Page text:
Ad
Ad
Ad
Pages: [1]   Bottom of Page
Print
Author Topic: Nikon patent: OLPF that can be turned on and off  (Read 1380 times)
BJL
Sr. Member
****
Offline Offline

Posts: 5162


« on: August 30, 2013, 01:15:04 PM »
ReplyReply

A possibly interesting idea in a Nikon patent:
http://nikonrumors.com/2011/05/21/nikon-patent-for-onoff-optical-low-pass-filter-olpf.aspx/
One use I see is that when extracting video from a high resolution stills-and-video sensor, the OLPF could be stronger for the lower resolution of the video output, weaker or completely off for high resolution stills.

P. S. AFAIK, the difference between the D800 and D800E is that one of the birefringent plates is oriented differently with respect to the other, to get filtering or not. The idea here seems to be allowing rotation of one plates to switch between the two options ... or to use an intermediate position for a weaker filter.
« Last Edit: August 30, 2013, 01:18:53 PM by BJL » Logged
Rhossydd
Sr. Member
****
Offline Offline

Posts: 1965


WWW
« Reply #1 on: August 30, 2013, 04:37:26 PM »
ReplyReply

More at http://www.dpreview.com/news/2013/08/30/nikon-creates-selectable-strength-low-pass-filter

Sounds a fascinating technology.
Logged
Guillermo Luijk
Sr. Member
****
Offline Offline

Posts: 1291



WWW
« Reply #2 on: August 30, 2013, 05:26:43 PM »
ReplyReply

the OLPF could be stronger for the lower resolution of the video output, weaker or completely off for high resolution stills.

Does this mean that regular video doesn't use the whole sensor resolution plus downsampling? I never thought digital video worked that way...
Logged

BJL
Sr. Member
****
Offline Offline

Posts: 5162


« Reply #3 on: August 30, 2013, 06:52:00 PM »
ReplyReply

Does this mean that regular video doesn't use the whole sensor resolution plus downsampling? I never thought digital video worked that way...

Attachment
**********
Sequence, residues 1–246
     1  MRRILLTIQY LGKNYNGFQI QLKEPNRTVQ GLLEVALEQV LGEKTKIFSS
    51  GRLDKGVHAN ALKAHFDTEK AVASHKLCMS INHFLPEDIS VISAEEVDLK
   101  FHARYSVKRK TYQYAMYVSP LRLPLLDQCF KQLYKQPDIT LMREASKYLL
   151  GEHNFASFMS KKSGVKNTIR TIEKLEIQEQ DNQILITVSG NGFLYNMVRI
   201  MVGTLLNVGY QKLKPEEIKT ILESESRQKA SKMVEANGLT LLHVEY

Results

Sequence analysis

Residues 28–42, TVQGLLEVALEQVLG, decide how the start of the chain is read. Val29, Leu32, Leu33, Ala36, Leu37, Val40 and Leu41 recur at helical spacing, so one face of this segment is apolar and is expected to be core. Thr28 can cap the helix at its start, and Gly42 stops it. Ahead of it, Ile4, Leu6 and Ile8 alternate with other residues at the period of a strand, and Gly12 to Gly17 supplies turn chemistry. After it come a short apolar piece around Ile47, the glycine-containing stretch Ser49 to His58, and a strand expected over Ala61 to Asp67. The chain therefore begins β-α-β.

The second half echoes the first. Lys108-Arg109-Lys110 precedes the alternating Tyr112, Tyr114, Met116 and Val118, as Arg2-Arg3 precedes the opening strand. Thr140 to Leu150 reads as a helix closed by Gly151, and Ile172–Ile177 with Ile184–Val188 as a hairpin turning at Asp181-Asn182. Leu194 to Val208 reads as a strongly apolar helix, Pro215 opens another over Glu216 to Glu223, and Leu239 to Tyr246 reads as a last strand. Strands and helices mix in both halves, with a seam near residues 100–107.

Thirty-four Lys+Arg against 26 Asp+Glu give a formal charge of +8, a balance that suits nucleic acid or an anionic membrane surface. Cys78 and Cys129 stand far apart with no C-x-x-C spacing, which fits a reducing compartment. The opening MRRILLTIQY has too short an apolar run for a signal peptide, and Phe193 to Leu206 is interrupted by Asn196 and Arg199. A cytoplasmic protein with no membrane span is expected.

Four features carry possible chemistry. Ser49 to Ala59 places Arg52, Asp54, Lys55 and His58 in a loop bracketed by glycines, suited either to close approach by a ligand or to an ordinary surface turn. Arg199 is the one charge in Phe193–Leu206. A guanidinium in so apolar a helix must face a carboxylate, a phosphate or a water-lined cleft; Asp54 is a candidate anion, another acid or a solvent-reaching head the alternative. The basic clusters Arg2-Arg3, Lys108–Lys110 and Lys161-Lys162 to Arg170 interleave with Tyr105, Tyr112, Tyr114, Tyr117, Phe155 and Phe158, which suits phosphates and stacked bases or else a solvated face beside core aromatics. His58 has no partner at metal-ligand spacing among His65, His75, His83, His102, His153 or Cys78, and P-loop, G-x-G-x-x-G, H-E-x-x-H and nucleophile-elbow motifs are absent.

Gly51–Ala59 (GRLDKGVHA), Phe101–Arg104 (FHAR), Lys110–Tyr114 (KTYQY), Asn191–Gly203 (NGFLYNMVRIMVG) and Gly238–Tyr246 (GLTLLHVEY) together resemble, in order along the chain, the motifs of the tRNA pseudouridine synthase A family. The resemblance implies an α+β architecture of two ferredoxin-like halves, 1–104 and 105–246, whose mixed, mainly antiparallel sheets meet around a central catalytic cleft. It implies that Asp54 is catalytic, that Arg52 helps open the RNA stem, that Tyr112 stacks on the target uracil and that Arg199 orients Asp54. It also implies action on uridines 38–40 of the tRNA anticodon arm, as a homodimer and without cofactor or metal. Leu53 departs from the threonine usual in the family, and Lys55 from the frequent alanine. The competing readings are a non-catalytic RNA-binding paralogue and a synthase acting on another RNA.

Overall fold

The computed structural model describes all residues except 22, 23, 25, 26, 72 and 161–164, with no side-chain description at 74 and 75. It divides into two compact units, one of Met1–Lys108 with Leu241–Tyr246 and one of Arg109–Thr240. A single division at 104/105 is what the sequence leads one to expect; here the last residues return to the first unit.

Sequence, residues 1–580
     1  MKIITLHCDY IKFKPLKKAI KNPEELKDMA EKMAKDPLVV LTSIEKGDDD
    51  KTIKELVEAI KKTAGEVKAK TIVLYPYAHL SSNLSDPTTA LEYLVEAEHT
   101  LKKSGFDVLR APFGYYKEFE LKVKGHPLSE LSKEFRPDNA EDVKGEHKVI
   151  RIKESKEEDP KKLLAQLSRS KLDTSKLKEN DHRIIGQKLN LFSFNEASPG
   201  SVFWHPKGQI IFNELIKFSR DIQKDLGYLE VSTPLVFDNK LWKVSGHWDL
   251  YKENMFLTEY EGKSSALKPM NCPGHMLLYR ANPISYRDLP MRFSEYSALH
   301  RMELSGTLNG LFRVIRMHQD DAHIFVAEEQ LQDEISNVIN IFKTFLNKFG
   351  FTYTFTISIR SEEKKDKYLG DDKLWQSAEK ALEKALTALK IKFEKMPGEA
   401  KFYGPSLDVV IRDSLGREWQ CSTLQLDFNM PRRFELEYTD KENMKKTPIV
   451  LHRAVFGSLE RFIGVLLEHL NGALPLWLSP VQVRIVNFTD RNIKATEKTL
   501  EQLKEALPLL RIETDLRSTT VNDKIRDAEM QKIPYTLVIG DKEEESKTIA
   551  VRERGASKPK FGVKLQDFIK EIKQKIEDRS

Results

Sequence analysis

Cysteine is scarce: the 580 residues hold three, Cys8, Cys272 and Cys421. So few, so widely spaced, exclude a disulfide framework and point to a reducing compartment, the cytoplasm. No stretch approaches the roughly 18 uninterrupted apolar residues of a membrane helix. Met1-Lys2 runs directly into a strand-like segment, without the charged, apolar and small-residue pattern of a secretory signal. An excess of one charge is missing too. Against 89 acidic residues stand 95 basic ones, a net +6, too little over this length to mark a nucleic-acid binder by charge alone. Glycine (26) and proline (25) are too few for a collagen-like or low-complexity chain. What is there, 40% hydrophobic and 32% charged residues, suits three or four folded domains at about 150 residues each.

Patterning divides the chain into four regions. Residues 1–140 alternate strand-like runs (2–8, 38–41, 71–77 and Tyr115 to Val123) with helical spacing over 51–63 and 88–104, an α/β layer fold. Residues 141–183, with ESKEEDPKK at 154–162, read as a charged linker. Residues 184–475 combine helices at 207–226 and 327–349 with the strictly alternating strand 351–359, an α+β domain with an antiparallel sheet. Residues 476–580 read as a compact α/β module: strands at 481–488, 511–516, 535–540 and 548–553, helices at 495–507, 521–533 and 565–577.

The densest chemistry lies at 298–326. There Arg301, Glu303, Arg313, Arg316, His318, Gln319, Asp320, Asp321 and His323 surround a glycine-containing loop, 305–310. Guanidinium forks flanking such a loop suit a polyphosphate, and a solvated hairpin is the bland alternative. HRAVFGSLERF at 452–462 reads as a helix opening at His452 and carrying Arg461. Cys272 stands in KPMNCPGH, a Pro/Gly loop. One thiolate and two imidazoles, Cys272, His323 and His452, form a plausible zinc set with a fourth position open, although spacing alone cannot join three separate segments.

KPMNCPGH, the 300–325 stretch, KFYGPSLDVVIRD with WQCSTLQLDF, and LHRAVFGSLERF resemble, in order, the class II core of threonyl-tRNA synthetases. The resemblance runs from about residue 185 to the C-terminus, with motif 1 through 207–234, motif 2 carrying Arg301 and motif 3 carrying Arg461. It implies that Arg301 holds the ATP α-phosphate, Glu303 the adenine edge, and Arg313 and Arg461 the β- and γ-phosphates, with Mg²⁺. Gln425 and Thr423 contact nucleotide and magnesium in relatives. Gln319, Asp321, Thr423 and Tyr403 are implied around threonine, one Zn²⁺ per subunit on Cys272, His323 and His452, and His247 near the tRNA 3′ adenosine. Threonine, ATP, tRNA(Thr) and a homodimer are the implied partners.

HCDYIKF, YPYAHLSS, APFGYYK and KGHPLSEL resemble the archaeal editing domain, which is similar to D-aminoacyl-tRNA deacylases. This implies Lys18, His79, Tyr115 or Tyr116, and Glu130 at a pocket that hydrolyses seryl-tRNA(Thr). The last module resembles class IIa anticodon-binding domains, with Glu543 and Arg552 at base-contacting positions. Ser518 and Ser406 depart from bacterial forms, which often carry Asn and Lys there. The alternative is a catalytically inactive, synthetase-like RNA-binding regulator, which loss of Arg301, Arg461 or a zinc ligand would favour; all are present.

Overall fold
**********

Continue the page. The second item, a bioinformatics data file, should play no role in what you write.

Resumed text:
It seems that many/most still cameras cannot read all of their 20 million or so pixels at a rate of 30 times (or 60 times) per second, so they use some subsampling, such as reading every third row. That make aliasing worse than if all pixels are read and then binned when down-converting to 1920x1080. The folks at RED are happy to provide evidence of the asymmetrical moiré caused by this in Canon DSLRs, for example.

I do think however that sufficiently high sensor resolution and data rates could make OLPF filters unnecessary within a few years, at least in all but cheap video+stills compacts.
Logged
Guillermo Luijk
Sr. Member
****
Offline Offline

Posts: 1291



WWW
« Reply #4 on: August 30, 2013, 07:29:01 PM »
ReplyReply

I was thinking in noise consequences rather than aliasing. It's a shame having a big sensor and not being able to use all captured photons for video.
Logged

BernardLanguillier
Sr. Member
****
Offline Offline

Posts: 8199



WWW
« Reply #5 on: August 31, 2013, 03:23:03 AM »
ReplyReply

This is pretty much the holy grail of digital capture. Yet, in typical Nikon marketing fashion, I expect them to promote this as one bullet point on the spec sheet of the D4x... Wink

Cheers,
Bernard
Logged

A few images online here!
Hulyss
Sr. Member
****
Offline Offline

Posts: 504



WWW
« Reply #6 on: August 31, 2013, 03:34:01 AM »
ReplyReply

This is pretty much the holy grail of digital capture. Yet, in typical Nikon marketing fashion, I expect them to promote this as one bullet point on the spec sheet of the D4x... Wink

Cheers,
Bernard


Agree. D4x will be a tad expensive I guess, probably around 7k €. I would like a D710 though... with D4 sensor in D800 body...  Cry
Logged

Kind Regards - www.hulyssbowman.com
eronald
Sr. Member
****
Offline Offline

Posts: 4121



« Reply #7 on: September 01, 2013, 09:06:37 AM »
ReplyReply

Agree. D4x will be a tad expensive I guess, probably around 7k €. I would like a D710 though... with D4 sensor in D800 body...  Cry

As a D4 owner I can only say that sometimes you may be unhappy to get what you wish for. The D4 is a finicky unpredictable sensor.

Edmund
Logged
BernardLanguillier
Sr. Member
****
Offline Offline

Posts: 8199



WWW
« Reply #8 on: September 01, 2013, 05:02:49 PM »
ReplyReply

As a D4 owner I can only say that sometimes you may be unhappy to get what you wish for. The D4 is a finicky unpredictable sensor.

Hi Edmund,

Interesting, can you provide more details?

Cheers,
Bernard
Logged

A few images online here!
Fine_Art
Sr. Member
****
Offline Offline

Posts: 1096


« Reply #9 on: September 03, 2013, 12:07:19 AM »
ReplyReply

Impressive tech, can't wait to see it in action.
Logged
Pages: [1]   Top of Page
Print
Jump to:  

Ad
Ad
Ad